The dessert might have been first designed by cooks after World War II because they could get the simple ingredients from at any supermarket. Besides, the pie did not require any special cooking tools to make.

New England and Manhattan Clam Chowder

The most popular clam chowders in cans in the grocery stores are New England Clam Chowder and Manhattan Clam Chowder even though many East Coast states have clam chowder that bears the city or state name.

A quick way to distinguish New England Clam Chowder from Manhattan Clam Chowder and the others is to know that New England is thicker and creamier than the others. It has potatoes and milk which makes it white in color. Manhattan clam chowder has red broth because of the ripe tomatoes used to make it.

Cities and states with a clam chowder are listed below.

  • Delaware clam chowder
  • Hatteras clam chowder
  • Long Island clam chowder
  • Manhattan clam chowder
  • Minorcan clam chowder
  • New England clam chowder
  • New Jersey clam chowder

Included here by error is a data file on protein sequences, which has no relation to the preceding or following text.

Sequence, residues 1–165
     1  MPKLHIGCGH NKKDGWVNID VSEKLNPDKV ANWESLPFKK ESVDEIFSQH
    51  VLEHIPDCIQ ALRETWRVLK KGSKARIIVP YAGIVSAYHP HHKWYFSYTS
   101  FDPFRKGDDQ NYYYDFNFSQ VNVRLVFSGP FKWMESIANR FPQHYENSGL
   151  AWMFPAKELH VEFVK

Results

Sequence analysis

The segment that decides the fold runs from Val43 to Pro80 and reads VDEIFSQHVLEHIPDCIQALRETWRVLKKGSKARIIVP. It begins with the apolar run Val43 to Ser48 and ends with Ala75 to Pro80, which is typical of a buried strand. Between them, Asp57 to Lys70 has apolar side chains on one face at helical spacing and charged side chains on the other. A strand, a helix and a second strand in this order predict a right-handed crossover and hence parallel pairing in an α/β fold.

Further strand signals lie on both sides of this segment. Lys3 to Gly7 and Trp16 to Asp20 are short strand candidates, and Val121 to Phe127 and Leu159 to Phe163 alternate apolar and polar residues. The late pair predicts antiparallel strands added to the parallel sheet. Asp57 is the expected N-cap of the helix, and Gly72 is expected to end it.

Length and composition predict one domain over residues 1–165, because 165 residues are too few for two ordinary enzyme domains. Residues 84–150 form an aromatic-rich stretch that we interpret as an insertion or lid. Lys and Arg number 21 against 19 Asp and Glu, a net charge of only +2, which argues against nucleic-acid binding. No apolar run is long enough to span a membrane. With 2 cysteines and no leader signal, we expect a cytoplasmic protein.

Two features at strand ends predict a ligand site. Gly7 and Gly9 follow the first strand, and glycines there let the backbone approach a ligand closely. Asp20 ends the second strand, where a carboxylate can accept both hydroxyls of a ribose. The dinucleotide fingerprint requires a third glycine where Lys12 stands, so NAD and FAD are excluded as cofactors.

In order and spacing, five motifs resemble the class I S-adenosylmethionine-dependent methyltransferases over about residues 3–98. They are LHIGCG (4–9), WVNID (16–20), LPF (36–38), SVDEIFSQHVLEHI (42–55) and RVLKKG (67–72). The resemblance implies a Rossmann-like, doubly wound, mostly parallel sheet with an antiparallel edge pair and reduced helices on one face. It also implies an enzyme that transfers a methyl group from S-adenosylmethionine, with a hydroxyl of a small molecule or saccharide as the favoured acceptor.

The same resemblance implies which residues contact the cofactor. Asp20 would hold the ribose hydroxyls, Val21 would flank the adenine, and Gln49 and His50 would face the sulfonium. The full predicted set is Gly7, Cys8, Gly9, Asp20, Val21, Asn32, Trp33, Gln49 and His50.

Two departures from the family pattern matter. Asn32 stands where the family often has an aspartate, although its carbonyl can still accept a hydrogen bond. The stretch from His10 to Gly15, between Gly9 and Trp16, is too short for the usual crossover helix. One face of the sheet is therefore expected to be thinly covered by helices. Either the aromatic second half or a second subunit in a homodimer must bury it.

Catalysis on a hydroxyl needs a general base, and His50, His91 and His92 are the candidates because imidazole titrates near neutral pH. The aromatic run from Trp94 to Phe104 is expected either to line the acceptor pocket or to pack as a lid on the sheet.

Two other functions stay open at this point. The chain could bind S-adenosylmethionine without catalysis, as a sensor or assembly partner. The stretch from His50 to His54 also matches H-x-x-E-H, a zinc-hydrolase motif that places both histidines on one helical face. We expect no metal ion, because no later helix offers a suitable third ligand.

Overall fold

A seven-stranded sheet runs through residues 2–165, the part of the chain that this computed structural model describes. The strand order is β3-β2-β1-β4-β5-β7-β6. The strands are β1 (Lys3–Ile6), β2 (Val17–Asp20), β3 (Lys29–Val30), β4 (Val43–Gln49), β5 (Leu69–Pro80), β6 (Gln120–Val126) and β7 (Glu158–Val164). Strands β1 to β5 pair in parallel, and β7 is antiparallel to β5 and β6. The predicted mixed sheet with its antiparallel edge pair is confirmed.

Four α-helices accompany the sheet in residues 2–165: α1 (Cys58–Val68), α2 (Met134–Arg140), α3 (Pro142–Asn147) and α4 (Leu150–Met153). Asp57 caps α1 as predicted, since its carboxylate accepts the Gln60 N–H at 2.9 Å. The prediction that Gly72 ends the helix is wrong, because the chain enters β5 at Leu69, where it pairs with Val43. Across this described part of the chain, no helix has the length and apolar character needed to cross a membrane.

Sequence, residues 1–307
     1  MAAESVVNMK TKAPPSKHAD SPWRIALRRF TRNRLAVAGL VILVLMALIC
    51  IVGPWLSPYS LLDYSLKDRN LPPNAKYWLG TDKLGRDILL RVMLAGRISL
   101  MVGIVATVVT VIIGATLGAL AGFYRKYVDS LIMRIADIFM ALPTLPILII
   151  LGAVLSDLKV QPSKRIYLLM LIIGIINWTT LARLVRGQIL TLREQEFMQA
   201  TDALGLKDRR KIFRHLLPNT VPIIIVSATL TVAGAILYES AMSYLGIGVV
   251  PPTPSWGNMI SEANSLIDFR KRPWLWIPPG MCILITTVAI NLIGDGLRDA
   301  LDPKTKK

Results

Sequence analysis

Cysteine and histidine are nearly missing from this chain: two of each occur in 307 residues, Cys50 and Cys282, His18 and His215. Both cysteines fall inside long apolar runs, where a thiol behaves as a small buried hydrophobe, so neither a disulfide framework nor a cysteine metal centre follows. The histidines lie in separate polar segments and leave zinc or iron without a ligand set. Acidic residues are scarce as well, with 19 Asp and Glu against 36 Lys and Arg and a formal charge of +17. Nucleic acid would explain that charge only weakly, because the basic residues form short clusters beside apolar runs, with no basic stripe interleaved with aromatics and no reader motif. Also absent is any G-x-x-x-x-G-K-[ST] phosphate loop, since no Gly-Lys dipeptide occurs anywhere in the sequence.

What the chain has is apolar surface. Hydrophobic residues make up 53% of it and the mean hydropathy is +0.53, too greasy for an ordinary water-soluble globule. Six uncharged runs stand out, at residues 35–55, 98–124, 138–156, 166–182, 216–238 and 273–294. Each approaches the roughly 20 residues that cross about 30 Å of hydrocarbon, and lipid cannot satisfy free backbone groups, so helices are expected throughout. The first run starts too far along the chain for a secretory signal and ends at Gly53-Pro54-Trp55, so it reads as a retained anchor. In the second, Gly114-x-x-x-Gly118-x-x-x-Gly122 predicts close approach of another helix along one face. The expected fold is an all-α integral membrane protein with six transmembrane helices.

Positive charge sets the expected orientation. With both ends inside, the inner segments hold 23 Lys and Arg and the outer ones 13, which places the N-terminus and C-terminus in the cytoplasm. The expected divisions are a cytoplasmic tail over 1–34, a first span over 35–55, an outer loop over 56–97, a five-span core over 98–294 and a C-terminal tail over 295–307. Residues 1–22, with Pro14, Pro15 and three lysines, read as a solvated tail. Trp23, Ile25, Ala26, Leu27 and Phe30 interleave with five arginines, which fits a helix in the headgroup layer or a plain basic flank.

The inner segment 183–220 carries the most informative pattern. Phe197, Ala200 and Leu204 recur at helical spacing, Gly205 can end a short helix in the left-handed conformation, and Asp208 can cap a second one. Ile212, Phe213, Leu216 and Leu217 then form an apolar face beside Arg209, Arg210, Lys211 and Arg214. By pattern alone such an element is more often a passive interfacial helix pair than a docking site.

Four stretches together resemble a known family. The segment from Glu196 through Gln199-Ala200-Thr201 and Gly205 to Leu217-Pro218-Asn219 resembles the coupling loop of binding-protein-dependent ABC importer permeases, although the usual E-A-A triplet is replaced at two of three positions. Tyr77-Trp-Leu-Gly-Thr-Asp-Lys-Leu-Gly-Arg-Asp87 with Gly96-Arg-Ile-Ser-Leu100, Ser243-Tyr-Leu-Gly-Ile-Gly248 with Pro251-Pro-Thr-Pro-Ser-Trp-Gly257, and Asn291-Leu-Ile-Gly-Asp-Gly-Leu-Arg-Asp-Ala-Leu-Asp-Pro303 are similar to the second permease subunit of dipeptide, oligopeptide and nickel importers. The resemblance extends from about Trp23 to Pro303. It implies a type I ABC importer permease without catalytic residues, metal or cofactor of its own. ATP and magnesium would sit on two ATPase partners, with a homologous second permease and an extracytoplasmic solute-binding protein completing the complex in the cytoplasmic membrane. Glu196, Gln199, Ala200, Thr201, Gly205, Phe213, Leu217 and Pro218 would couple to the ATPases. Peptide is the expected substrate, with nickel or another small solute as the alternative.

• Rhode Island clam chowder

New York Cheesecake

There are many different types of cheesecakes around the world. However, New York holds the bragging rights that their variety is the best.

The New York-style cheesecake includes cream cheese or sour cream on a crushed cookie or graham cracker crust. One way to distinguish New York cheesecake from other varieties is that a true New York style is that is never topped while other varieties are topped with chocolate, fruit or something else. The classic New York cheesecake is served as is.

New York Strip Steak

Delmonico's Restaurant in New York City in 1827 offered a cut from the short loin called a Delmonico steak. It is often referred to as a New York strip steak. It is one of the restaurants signature dishes.

Philadelphia Cream Cheese